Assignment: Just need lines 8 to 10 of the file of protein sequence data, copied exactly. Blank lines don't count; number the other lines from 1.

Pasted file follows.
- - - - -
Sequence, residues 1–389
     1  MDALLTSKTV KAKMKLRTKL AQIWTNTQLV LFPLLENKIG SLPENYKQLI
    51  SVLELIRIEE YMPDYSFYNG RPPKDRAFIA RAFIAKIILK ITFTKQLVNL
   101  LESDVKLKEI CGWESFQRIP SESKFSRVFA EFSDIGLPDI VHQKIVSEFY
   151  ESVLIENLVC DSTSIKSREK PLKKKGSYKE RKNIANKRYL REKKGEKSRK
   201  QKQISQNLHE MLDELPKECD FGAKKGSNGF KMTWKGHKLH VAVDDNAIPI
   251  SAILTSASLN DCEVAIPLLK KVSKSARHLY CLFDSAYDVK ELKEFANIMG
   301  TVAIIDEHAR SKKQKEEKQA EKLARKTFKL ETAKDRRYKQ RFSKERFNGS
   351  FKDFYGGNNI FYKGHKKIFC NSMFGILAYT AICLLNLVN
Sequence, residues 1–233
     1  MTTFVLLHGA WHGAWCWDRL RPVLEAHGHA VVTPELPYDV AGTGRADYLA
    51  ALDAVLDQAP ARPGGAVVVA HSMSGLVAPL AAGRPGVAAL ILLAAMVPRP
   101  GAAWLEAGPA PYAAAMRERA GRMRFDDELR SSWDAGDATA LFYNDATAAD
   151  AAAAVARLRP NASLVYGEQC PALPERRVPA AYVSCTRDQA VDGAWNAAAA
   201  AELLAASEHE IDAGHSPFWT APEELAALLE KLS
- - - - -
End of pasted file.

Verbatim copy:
   301  TVAIIDEHAR SKKQKEEKQA EKLARKTFKL ETAKDRRYKQ RFSKERFNGS
   351  FKDFYGGNNI FYKGHKKIFC NSMFGILAYT AICLLNLVN
Sequence, residues 1–233